Climate change affects cultivation conditions all over the world. All farmers must adapt to changing conditions to secure food production.

Climate change will cause major changes in Finnish agriculture. The changes will both promote and hamper production. According to forecasts based on current climate models, the changes in the Finnish climate will mainly have a positive impact on agriculture. For example, the growing season will become longer, enabling the cultivation of new plant varieties. At the same time, increased precipitation may also increase nutrient flows, which have a negative impact on water bodies.

Agriculture accounts for approximately 20% of Finland’s total emissions. Greenhouse gas emissions occur as a result of fertilisation, livestock farming and the clearing of peatland. The opportunities to cut emissions without reducing food production are limited. On the other hand, there is great potential for replacing fossil fuels with bioenergy and decentralised production methods based on renewable energy sources.

As the climate continues to change, we will constantly need to take more efficient measures to adapt to climate change and to reduce our greenhouse gas emissions. Climate change adaptation and mitigation efforts open up new opportunities for the food system. However, seizing those opportunities requires active action. A more sustainable food system is also more productive.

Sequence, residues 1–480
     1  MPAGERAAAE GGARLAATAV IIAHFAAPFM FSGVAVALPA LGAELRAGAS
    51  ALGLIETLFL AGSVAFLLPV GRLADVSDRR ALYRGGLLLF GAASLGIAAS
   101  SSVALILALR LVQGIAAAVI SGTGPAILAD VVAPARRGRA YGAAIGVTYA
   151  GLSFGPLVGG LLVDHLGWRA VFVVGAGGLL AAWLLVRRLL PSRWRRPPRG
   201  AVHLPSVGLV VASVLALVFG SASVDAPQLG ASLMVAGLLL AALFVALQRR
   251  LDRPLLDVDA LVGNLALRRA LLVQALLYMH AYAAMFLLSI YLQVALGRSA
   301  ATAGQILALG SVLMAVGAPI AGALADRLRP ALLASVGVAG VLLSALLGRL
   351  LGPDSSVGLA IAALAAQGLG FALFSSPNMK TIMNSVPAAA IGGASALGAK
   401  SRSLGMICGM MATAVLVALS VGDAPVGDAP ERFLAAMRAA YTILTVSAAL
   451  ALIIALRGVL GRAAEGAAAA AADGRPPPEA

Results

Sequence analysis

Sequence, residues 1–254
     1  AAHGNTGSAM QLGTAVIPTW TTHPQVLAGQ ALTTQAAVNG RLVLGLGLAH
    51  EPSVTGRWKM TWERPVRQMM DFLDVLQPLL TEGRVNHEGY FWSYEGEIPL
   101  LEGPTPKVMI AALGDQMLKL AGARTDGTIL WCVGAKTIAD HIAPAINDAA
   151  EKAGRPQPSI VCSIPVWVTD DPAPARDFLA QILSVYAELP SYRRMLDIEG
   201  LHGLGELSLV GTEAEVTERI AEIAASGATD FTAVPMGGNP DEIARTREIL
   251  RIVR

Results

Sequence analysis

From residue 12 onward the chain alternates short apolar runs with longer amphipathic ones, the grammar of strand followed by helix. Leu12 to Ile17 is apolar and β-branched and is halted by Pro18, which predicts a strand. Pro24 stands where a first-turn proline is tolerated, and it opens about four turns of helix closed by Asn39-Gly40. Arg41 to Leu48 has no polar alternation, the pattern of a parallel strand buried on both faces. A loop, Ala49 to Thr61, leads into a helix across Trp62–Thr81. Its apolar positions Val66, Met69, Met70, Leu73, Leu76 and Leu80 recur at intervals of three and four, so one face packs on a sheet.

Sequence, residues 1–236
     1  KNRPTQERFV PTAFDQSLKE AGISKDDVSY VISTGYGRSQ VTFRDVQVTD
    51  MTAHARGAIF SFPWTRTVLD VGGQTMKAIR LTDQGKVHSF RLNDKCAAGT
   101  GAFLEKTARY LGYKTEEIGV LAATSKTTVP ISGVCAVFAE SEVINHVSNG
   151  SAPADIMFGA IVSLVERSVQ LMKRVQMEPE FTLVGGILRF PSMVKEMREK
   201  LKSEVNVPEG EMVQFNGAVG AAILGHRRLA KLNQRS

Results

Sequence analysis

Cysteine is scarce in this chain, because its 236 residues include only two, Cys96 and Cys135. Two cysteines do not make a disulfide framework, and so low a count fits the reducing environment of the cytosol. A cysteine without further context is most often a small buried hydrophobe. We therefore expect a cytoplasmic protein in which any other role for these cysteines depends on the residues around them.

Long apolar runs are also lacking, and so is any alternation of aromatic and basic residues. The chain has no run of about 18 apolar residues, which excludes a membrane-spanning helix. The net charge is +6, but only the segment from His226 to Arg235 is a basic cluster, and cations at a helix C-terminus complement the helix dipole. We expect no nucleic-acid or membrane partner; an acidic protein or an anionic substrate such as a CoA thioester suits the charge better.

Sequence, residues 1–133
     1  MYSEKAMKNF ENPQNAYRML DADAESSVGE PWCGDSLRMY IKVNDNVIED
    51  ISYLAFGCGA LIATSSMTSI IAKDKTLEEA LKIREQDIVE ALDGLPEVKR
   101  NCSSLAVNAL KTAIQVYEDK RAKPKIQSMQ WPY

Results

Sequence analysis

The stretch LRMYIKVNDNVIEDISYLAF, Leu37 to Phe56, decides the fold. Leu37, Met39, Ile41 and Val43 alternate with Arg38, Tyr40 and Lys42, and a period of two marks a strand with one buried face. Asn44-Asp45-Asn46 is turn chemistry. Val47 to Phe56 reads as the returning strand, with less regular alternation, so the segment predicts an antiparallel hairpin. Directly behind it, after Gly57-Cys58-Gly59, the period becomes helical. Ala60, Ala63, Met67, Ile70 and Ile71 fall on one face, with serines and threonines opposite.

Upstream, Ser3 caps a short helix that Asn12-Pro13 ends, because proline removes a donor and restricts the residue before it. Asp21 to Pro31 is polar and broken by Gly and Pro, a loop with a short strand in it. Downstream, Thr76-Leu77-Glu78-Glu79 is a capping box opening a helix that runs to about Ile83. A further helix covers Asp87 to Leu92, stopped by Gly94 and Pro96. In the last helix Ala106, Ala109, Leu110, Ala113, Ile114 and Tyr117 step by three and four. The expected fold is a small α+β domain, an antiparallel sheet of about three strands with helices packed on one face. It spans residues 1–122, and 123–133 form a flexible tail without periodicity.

Climate Programme promotes the sustainability of the Finnish food system

To address the challenges of climate change, the Ministry of Agriculture and Forestry has prepared a climate programme that aims to further enhance the sustainability of the Finnish food system. The programme also promotes and improves the energy and material efficiency of agriculture and the entire food system. The sustainability of the Finnish food system is founded on profitable food production. Therefore, the climate programme also provides more tools for increasing productivity and profitability.                           

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